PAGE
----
Nothing beats a regal lily (Lilium regale) for early summer flowering or formosa lily (Lilium formosanum) for late summer blooming. These tower over most people, but they add so much to a garden’s architecture.
Even small gardens can have taller plants. Taller plants make smaller gardens seem larger. If a small garden is full of petite plants, sure you can fit more, but there’s no dimension and the garden feels open and naked.
Tall plants make great wildlife sanctuaries.
Don’t get me started on mini grasses. What’s the point? If they are so short the wind can’t catch their blades and make that wonderfully relaxing swishing sound, what’s the use of having them?
We may be changing the look of our gardens forever.
Newbies who only shops at box stores, will never encounter a cup plant, boltonia or perennial (Helianthus sp.) sunflowers? Even ICG’s (independent Garden Centers) refrain from carrying tall plants.
They claim they fall over in the wind. I know they do. I remember walking the miles of outdoor greenhouses while I worked at The Conard-Pyle Co. after a storm. We would have to pick up all the tall plants. It wasn’t fun.
It’s time and labor, I know…I know.
But they could.
Helianthus x multiflorus ‘Sunshine Daydream’ does. It’s a tall plant, reaching five feet tall each year. The great thing about this new selection is it blooms in a one or two gallon pot at less than two feet tall. It truly is the best of both worlds.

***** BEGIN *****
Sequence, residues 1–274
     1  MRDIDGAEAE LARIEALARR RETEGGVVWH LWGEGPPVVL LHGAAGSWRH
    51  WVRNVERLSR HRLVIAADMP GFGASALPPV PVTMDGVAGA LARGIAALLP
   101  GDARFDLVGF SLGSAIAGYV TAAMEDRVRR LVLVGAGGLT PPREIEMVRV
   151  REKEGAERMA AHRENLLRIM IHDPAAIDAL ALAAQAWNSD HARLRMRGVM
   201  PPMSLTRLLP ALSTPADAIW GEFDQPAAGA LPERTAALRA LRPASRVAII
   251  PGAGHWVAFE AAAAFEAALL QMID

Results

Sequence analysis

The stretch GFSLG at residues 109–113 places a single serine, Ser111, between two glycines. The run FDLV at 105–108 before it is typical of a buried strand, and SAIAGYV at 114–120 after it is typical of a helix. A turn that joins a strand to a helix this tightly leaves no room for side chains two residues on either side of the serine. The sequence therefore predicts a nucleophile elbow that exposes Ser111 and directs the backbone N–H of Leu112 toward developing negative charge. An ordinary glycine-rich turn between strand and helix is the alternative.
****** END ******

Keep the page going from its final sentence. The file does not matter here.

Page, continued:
I know there have got to be more breeders working on this.
Echinacea ‘Milkshake’ and ‘Hot Papaya’ from Arie Blom of AB-Cultivars, in The Netherlands fit this mold too. These are really nice looking plants in a one gallon. They are bushy, full of blooms and compact, plus they set buds on an 18 inch tall plant. Once they are panted in the garden, they grow to three, yes three feet tall. E-gads, that’s too tall you say?
Three feet tall is perfect for a coneflower. That’s normal height for both Echinacea purpurea and E. paradoxa. If they are much shorter, they can’t be planted in the middle of the border, where coneflowers do best. This picture is from Richard Hawke, who says Milkshake has done remarkably well in his trial gardens at The Chicago Botanic Garden.
So, I’ll ask again, “Why are we making everything so dang short?”
We’re ruining garden architecture for the future.
Luckily, no one would make a border simply from new selections, so they’ll surely mix in some taller plants. That is if they buy perennials from places other than big boxes, because lately, the big boxes will only sell perennials that fit into their “mold” and their mold is pretty small. Hostas are the perfect size.
I just hope we don’t look back twenty years from now and regret introducing all of these short plants.
I also hope we keep the tried and true, the wide and tall and the towering perennials as part of the mix…or the landscape will forever be dull and one dimensional.
Co-owner Plants Nouveau